As a contemporary newspaper noted, this was hardly an “academic problem. … Three presidents have been incapacitated while in office without officially requesting that their vice presidents go to bat for them, for a total of about two years.” Perhaps the most egregious example was Woodrow Wilson, who, “felled by a stroke in September 1919, lay partially paralyzed for almost 1½ years, until his term expired in March 1921, while his wife and certain executive and legislative officers battled over the mantle of presidential authority.”
Ultimately, it was Eisenhower who suggested the remedy that Congress adopted.
In a letter dated March 1964, the former president told Birch Bayh, the chairman of the Senate Subcommittee on Constitutional Amendments, that in his “personal view,” the question of a president’s fitness to serve should “be left strictly to the two individuals involved, the President and the Vice President, subject possibly to a concurring majority opinion of the President’s Cabinet.” Ike further stipulated that a “disability could be of different kinds, one caused by physical or mental illness, or another by an absence from the seat of Government of such a character that would preclude Presidential decisions and action in a time of emergency.”
The amendment as passed—first by Congress in 1965 and then ratified by the states two years later—hewed closely to Eisenhower’s proposal. It empowers the vice president and a majority of the “principal officers of the executive departments” to declare the president unfit and to install the vice president on an acting basis. Upon the president’s assertion that he or she is fit to carry out the duties of office, the same group can acquiesce or, if they disagree, once again declare the president incapacitated; it would then fall to Congress to adjudicate the matter. By a two-thirds vote in each chamber, members can reinstall the vice president on an acting basis. (Congress has 48 hours to decide.) In theory, this process could play out ad infinitum, with the president declaring himself fit and Congress voting the opposite over and over again.
On several points, the provision is ambiguous. For one, it’s not clear who the “principal officers of the executive departments” are. It could mean Cabinet members. But several officials are accorded Cabinet “status” without leading recognized Cabinet agencies. There would surely be a court battle over this point.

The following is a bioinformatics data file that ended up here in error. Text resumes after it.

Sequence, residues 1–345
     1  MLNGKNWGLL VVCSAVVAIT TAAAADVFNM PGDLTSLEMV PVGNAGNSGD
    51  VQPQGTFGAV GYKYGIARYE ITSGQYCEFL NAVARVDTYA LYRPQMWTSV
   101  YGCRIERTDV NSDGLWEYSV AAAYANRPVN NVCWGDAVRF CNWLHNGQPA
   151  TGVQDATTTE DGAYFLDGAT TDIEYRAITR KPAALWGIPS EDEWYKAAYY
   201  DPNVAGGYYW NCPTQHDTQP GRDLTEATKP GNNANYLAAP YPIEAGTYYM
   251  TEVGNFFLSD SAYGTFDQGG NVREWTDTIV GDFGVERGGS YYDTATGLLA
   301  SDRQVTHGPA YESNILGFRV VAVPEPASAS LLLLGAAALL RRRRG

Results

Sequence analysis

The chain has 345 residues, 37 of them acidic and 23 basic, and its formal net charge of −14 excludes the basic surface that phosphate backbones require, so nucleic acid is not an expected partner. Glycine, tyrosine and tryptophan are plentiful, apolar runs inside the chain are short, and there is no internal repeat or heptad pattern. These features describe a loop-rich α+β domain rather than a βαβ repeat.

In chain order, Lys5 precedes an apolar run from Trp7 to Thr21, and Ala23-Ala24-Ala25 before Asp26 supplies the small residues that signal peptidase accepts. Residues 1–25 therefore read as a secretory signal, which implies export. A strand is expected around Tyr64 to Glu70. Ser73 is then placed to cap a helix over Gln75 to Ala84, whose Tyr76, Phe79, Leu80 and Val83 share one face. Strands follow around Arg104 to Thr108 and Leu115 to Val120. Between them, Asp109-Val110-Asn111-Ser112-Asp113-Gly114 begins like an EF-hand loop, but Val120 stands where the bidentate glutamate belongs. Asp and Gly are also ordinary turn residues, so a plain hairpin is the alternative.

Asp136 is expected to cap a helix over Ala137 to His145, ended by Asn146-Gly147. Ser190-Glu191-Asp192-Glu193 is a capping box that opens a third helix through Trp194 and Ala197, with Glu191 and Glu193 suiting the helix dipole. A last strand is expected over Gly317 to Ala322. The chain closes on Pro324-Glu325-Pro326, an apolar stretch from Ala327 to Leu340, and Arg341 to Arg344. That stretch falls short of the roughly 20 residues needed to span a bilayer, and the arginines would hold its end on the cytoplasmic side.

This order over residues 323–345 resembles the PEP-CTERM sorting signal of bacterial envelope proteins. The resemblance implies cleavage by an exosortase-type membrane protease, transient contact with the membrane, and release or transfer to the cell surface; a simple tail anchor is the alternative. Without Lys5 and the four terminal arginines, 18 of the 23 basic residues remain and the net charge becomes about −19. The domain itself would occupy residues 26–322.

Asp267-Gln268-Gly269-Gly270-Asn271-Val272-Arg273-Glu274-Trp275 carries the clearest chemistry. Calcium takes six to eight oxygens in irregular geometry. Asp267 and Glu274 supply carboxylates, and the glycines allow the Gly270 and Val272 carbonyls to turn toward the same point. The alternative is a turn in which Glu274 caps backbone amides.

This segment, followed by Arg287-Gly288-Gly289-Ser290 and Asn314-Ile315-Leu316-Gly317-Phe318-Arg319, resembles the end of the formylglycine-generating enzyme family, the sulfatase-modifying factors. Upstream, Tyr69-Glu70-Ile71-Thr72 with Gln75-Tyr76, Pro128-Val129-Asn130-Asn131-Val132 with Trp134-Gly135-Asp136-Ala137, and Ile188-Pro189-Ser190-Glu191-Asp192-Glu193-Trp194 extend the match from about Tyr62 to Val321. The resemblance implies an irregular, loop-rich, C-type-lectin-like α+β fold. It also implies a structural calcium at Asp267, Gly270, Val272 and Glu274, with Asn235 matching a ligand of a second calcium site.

More important, as an editorial in The Times of Shreveport, Louisiana, observed in 1965, “providing for the Vice President to assume the powers—but not the office—of President at times when the latter is incapacitated involves the tough question of what constitutes incapacity and the tougher one of whether the President believes himself unable to carry on his duties.” The world is full of patients who insist they are ready to go back to work—or that they can drive, live alone or manage their finances—over the protestations of doctors and loved ones. But most of those people aren’t the putative leader of the free world.
There’s little question that the 25th Amendment provides a mechanism whereby the vice president and Cabinet can declare a president incapacitated—whether physically or mentally. But strictly speaking, the amendment’s framers seemed to anticipate that such incapacitation would come in the form of a natural or man-made event—an assassination attempt, a fall, a natural degeneration of health. They didn’t expressly foresee a future in which the American electorate would install in the White House someone already unfit to serve.
Put another way, Donald Trump has not—to the best of our knowledge—suffered a stroke or blow to the head since the 2016 election. He is who he is, and he has been like this for a very long time.
Yes, some of Wolff’s reporting comes as a surprise—like the fact that even close aides doubt Trump’s mental acuity, or that the president allegedly didn’t recognize a series of old friends at Mar-a-Lago last month. But we already knew that Trump can’t stay on point, that he’s inattentive to detail and belligerent in the extreme, that he repeats himself and that he has a troubled relationship with the truth: Long before he purported to believe that Barack Obama “tapped” his phones, he believed Obama had fabricated his birth certificate. And it’s fairly clear that he is a narcissist of the first order—a man who claims credit for things that he didn’t do, who insists he is a “genius,” and who defaults on financial and family obligations with casual disregard for nearly everyone around him.
But we knew all that.
It’s comforting to think that the 25th Amendment provides us reprieve from our own folly. But it doesn’t, or at least, it probably shouldn’t. Americans who “just couldn’t vote for Clinton,” who saw no difference between the two major parties, or who couldn’t be bothered to vote at all are stuck with him. And so are the rest of us.
Of course, there’s another mechanism to remove a president. It’s equally messy but much more clear cut. If Americans are really that determined to unseat the president, that’s the one they should be focused on.
Powered by WPeMatico